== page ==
Palm Treo 750v review
The Windows Mobile market is becoming increasingly crowded and, with the same engine under the hood, many handhelds are starting to look all too familiar. So some might consider Palm foolhardy to be abandoning its Palm OS roots (for now at least) and launching its new Treo as a purely Windows Mobile 5 device.
Pick it up, though, and you’ll discover that it isn’t just another identikit Microsoft PDA-style phone. Palm has focused on usability, including some improvements that sit on top of the WM5 platform. It’s retained some traditional Treo features, such as the switch on the top of the device to toggle between ring and vibrate, but also added new innovations such as a threaded SMS chat client, Google search from the home screen, photo-based quick-dialling and transport controls when accessing voicemail.
The 750v is narrower than most PDA-style phones, so the keyboard is more closely spaced than usual, but we didn’t find it more difficult than its wider competition. We couldn’t help wishing that the device was a bit thinner, although the rounded back does leave it sitting nicely in the hand. And that’s great because many of Palm’s ergonomic tweaks have focused on making single-handed operation easy, including the dedicated Start and OK buttons next to the navigation pad.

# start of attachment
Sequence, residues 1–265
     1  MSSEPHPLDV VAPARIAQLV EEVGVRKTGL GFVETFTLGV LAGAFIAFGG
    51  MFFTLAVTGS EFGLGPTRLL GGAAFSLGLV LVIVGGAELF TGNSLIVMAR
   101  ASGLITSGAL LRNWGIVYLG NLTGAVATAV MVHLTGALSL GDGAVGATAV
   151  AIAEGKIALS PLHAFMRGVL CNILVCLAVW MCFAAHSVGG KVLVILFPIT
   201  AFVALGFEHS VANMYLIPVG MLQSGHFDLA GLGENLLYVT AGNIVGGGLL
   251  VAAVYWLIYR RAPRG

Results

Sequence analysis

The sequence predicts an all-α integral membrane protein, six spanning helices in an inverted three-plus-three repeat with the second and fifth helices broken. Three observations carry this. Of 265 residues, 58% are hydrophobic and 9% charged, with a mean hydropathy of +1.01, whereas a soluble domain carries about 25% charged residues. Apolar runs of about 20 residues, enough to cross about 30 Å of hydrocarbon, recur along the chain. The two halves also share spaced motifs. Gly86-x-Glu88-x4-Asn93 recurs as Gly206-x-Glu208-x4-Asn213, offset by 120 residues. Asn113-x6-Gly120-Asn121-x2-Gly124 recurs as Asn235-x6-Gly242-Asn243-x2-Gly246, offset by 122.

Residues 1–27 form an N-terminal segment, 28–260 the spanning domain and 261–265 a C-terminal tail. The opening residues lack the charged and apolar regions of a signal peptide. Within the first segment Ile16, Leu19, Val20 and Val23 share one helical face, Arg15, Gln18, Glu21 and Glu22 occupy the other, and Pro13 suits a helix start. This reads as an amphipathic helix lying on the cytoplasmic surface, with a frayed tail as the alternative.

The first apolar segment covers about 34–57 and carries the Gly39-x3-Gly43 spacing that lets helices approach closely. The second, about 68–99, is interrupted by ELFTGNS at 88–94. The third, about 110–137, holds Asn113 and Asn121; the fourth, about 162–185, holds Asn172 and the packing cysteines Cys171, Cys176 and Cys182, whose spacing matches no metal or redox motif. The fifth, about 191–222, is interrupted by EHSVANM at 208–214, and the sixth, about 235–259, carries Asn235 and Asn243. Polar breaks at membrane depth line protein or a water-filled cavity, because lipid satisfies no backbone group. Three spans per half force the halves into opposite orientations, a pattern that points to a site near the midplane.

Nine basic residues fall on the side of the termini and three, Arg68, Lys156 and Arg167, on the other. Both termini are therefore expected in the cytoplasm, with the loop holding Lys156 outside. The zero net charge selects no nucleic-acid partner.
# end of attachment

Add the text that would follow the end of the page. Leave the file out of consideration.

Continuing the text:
We do have a few gripes, the biggest being the lack of Wi-Fi – a serious disadvantage compared to many of its competitors. We’re also concerned that the screen resolution is only 240 x 240 pixels: many corporate applications assume 240 x 320. We were also sad to see Palm’s proprietary connectors for synchronising and charging the device rather than standard mini-USB.
The Treo 750v is an exclusive joint venture between Palm, Vodafone and Microsoft. Like all recent Windows Mobile devices, it comes with the WM5 updates needed to do push email with Exchange Server, but also ships with Vodafone’s own Business Email service (provided by Visto). It works reasonably well, but keep an eye on future Mobile & Wireless columns in PC Pro’s Real World Computing for a longer-term evaluation.
Until recently, Palm produced both the hardware and operating system for its devices, allowing it to create some highly functional handhelds. With the move to Windows Mobile it has lost that end-to-end control, but Palm has used its experience to create one of the most usable WM5 devices we’ve seen. And it’s 3G too. Only the lack of Wi-Fi keeps it off the A List.